HC Deb 30 January 1969 vol 776 cc1507-9
21 and 22. Mr. Dalyell

asked the Secretary of State for Education and Science (1) what systematic progress-chasing he has done of the recommendations of the Swann Committee Report;

(2) what systematic progress-chasing he has done of the recommendations of the Dainton Committee Report.

Mr. Edward Short

These two Reports, raising many important and complex issues, have been and are being considered by a wide range of bodies in industry, science and education, by the Royal Society, the University Grants Committee and individual universities, by the C.B.I., the Research Councils, the Schools Council and others. The lively discussion continues. Appropriate action is being taken by such bodies as the Science Research Council in its postgraduate awards and by the Schools Council in its development programmes. My Department is in close touch with these efforts and with the continuing debate.

Mr. Dalyell

Is my right hon. Friend aware that some of us very much agreed with his remark yesterday that higher education was consuming too much of its own product, but in these matters would it be possible for someone to lay out clearly what action has been taken, recommendation by recommendation, on these Reports? Much good work is being done, but could we be clearly told what is happening?

Mr. Short

I should be happy to write to my hon. Friend on this. There is an impressive list of individual items on which action has been taken, but it is extremely important not to regard these Reports as a cut-and-dried blueprint for action. They are a contribution to thinking on a very important problem and that is the way to regard them.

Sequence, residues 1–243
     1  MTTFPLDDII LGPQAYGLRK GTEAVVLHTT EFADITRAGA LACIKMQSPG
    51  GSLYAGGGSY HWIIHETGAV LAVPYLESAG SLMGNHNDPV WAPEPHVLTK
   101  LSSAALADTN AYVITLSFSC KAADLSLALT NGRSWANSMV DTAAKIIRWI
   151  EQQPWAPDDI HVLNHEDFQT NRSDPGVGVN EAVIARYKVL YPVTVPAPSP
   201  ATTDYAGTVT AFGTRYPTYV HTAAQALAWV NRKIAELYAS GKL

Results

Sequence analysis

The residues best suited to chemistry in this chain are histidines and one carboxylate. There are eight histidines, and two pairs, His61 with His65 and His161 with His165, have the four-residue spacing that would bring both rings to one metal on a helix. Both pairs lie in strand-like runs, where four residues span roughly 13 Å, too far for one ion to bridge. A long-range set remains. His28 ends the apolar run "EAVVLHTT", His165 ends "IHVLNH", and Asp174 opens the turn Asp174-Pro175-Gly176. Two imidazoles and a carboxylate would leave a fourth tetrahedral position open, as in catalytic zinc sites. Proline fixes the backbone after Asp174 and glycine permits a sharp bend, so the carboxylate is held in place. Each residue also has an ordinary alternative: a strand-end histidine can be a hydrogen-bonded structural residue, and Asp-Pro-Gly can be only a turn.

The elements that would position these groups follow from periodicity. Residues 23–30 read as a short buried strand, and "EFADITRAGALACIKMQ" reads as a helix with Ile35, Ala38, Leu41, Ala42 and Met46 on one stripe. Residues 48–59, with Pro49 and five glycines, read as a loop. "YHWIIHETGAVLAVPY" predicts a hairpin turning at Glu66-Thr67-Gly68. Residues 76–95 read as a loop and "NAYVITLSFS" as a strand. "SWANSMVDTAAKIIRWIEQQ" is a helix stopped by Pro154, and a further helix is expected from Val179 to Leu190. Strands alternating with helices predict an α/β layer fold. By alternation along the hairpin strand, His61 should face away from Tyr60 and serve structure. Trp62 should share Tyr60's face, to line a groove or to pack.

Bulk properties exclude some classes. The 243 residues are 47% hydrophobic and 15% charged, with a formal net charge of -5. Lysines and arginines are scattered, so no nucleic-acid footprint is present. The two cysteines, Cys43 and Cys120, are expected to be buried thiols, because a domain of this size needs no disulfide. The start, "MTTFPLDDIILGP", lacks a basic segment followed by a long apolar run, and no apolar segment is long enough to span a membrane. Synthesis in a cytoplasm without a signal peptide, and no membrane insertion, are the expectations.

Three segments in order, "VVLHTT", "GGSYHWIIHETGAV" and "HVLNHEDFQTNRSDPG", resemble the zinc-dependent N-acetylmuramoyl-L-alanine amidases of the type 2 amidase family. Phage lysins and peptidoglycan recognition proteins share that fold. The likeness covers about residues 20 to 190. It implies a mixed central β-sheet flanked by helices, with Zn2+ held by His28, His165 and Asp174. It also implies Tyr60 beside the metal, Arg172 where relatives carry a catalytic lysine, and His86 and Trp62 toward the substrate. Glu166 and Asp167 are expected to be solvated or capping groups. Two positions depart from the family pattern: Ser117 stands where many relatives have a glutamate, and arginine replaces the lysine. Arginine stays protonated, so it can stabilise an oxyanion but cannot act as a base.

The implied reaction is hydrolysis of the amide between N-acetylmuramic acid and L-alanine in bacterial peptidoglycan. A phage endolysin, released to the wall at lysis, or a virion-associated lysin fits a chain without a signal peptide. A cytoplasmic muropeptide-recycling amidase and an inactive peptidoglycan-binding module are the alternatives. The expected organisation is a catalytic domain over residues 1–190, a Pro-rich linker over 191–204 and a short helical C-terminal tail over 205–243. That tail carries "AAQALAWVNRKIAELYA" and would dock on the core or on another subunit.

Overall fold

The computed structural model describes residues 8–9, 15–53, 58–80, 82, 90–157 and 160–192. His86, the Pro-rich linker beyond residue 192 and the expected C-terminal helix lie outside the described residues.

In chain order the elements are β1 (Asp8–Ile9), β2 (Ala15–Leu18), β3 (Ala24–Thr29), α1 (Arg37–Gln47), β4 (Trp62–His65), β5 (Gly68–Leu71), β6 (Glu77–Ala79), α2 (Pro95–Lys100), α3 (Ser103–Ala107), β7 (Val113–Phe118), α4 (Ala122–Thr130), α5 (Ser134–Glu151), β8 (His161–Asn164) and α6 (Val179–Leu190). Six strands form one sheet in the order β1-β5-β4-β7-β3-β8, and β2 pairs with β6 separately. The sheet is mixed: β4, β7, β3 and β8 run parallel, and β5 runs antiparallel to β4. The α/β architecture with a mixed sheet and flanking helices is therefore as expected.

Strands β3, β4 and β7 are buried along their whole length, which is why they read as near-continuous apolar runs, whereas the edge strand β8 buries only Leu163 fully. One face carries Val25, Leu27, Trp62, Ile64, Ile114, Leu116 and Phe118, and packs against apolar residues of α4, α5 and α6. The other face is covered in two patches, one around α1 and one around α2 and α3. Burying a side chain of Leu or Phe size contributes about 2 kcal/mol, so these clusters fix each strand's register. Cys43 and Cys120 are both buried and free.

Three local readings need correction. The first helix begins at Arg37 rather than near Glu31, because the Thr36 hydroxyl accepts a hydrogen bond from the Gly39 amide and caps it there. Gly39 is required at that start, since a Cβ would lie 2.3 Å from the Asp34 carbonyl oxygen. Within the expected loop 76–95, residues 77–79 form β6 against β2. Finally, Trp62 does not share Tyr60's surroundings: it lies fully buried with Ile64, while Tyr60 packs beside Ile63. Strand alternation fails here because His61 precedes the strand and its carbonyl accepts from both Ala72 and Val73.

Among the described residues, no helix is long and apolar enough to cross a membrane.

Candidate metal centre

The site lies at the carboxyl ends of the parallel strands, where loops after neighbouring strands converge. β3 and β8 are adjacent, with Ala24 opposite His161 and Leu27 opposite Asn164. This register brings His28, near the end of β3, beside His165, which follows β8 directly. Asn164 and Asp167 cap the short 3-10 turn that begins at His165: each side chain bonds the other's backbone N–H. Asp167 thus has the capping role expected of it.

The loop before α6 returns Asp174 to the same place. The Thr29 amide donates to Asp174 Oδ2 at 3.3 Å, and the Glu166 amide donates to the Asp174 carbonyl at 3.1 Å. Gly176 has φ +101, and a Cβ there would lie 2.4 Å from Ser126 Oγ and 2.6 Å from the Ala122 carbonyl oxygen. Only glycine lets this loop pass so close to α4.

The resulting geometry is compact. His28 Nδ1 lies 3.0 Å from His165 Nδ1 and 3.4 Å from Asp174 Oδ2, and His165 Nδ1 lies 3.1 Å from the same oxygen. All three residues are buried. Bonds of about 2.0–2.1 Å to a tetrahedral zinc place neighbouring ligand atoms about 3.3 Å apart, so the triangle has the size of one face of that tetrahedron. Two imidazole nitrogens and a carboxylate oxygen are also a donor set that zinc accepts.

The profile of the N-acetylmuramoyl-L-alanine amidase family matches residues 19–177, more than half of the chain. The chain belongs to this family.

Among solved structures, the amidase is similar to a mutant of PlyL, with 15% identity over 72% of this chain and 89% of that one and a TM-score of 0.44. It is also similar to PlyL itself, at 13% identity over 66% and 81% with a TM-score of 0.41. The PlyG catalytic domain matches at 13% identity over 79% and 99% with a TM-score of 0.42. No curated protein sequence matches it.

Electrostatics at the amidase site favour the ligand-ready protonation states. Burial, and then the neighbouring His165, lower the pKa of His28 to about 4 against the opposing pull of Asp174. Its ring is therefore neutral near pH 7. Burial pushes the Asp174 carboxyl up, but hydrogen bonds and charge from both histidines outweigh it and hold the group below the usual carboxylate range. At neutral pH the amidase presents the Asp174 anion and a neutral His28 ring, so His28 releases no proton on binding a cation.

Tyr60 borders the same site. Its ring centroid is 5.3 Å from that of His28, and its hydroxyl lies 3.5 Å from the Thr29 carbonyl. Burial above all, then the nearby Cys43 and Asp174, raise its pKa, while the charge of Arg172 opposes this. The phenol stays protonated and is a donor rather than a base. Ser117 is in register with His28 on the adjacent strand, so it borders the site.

Sir E. Boyle

Is it not important that there should be a wide debate on these Reports, not just by way of speeches and memos circulated by the right hon. Gentleman, but also in the organisations and in publications like the Universities Quarterly and higher education journals? Will he give an undertaking that he will ensure reasonable liberty for officers of the Schools Council to put their views publicly so that there can be the widest possible exchange on these important subjects?

Mr. Short

I certainly endorse what the right hon. Gentleman says. I do not believe that I have any power to prevent officers of the Schools Council expressing their views on anything, and I should welcome an expression of views on this. Perhaps some of the most hopeful action is being taken in curriculum development in the improvement of science and mathematics teaching in schools. I am not sure whether this is not the most fruitful way of all to tackle the shortage of scientists and mathematicians,